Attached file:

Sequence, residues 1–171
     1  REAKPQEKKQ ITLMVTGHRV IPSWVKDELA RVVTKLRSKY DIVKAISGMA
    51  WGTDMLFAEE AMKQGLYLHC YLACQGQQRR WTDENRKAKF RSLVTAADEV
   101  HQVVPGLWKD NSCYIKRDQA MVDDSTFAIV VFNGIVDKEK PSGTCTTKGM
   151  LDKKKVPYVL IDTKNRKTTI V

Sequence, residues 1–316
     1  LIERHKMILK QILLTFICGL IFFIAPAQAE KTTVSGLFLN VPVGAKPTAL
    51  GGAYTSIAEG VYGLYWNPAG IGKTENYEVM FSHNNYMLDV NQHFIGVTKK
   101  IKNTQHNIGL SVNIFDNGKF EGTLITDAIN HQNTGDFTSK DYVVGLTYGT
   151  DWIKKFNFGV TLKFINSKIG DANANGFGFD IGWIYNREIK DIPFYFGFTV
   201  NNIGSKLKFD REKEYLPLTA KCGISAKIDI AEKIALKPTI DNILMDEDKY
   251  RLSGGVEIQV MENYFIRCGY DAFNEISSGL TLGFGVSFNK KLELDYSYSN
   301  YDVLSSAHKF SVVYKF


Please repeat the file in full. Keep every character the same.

Sequence, residues 1–171
     1  REAKPQEKKQ ITLMVTGHRV IPSWVKDELA RVVTKLRSKY DIVKAISGMA
    51  WGTDMLFAEE AMKQGLYLHC YLACQGQQRR WTDENRKAKF RSLVTAADEV
   101  HQVVPGLWKD NSCYIKRDQA MVDDSTFAIV VFNGIVDKEK PSGTCTTKGM
   151  LDKKKVPYVL IDTKNRKTTI V

Sequence, residues 1–316
     1  LIERHKMILK QILLTFICGL IFFIAPAQAE KTTVSGLFLN VPVGAKPTAL
    51  GGAYTSIAEG VYGLYWNPAG IGKTENYEVM FSHNNYMLDV NQHFIGVTKK
   101  IKNTQHNIGL SVNIFDNGKF EGTLITDAIN HQNTGDFTSK DYVVGLTYGT
   151  DWIKKFNFGV TLKFINSKIG DANANGFGFD IGWIYNREIK DIPFYFGFTV
   201  NNIGSKLKFD REKEYLPLTA KCGISAKIDI AEKIALKPTI DNILMDEDKY
   251  RLSGGVEIQV MENYFIRCGY DAFNEISSGL TLGFGVSFNK KLELDYSYSN
   301  YDVLSSAHKF SVVYKF